2022 SSMU Executive Election Candidates

Image courtesy of Elections SSMU

Every election season, the Bull and Bear News team profiles each SSMU Executive candidate using their online platforms, the Candidate debate, and individual interviews with candidates. The Bull and Bear does not make endorsements.

The voting period ends March 18 at 5 PM EST. Vote here: https://ssmu.simplyvoting.com

 

Bryan Buraga, Candidate for President

Sustainability, Science, and Society student Bryan Buraga is running for SSMU president. If elected, it would be his second term as president of SSMU, after his 2019-2020 presidency. Buraga is running on a platform dedicated to systemic change within SSMU and McGill as a whole, hoping to introduce platforms that will democratise participation in student government. 

“I think that as students, a lot of the time we feel very alone even though most of us tend to experience the same issues with the university and within our student unions. I want to restructure so that students are consulted at the base level within their faculty or departmental associations, and that way we can include more student voices and improve student engagement.” 

Buraga also wants to decentralise power within SSMU, conferring more of the decision making to student groups. “A lot of the power [at the SSMU] is concentrated at the top, with the board of directors and the executives … issues are exacerbated when you don’t have a good executive or board of directors to be able to manage the affairs of the society…It’s about…dispersing the power in such a way that increases accountability but also dismantles the systems of oppression that are still present at the SSMU.”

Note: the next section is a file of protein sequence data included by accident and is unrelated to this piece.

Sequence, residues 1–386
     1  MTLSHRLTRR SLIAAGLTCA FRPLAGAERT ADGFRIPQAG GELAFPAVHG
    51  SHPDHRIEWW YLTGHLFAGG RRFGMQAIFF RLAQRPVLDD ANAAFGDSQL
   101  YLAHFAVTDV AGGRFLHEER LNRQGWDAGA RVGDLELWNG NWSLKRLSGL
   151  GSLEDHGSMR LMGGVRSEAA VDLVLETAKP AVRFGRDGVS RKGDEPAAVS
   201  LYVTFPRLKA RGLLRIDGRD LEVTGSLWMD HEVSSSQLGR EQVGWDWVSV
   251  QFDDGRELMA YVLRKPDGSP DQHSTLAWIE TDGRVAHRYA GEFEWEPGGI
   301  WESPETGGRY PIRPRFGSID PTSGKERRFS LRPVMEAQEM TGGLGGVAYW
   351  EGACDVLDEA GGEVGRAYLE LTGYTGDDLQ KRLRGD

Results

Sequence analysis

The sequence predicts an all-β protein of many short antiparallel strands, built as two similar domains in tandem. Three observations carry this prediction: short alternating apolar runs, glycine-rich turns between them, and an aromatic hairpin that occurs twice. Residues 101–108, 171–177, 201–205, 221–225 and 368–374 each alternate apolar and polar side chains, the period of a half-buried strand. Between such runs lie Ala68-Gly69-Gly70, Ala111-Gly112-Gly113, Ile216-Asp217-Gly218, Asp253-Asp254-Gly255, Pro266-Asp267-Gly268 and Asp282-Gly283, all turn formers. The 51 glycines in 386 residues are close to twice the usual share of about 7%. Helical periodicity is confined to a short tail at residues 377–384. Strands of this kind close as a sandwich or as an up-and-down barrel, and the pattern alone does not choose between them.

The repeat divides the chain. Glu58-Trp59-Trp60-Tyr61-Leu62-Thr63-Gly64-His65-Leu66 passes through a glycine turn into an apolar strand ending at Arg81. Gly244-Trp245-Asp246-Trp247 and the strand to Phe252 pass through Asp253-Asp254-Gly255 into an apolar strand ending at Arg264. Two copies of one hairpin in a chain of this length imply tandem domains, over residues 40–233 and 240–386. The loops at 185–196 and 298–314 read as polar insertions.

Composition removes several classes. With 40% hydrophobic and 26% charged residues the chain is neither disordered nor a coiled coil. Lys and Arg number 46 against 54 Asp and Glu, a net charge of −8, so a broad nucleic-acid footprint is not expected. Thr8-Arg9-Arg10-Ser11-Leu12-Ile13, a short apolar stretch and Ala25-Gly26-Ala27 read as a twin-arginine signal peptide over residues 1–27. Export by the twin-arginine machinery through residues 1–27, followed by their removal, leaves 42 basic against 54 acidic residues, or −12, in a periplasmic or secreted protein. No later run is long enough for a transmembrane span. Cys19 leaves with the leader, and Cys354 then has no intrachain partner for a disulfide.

Buraga points to his leadership experience and track record within the SSMU as reasons why he should be considered for the position. “I have both an insider and outsider perspective,” he told the Bull and Bear. He explained that last time he was president, he had to abandon some of the projects he had run on in his first term due to the resignation of the SSMU general manager, whose responsibilities he had to take on. After taking a short break from student advocacy to focus on mental health, Buraga is eager to return and push for structural reform within the society.

 

Julian Guidote, Candidate for President

Julian Guidote is a first year law student running for SSMU president. He previously completed a bachelor’s degree in cognitive science, also at McGill, in 2021. Guidote is running on a platform of raising mental health standards within the SSMU and on campus, providing transcription and translation services for SSMU proceedings, and promoting social integrity within the SSMU. Guidote is a mental health counsellor through Kids Help Phone and is currently SSMU’s mental health advocacy coordinator. “​​No other candidates now or in the past have the same background in mental health, not just in an advocacy position [for SSMU], but in a professional role as counsellor. I have a unique skillset to listen to others in a professional way.”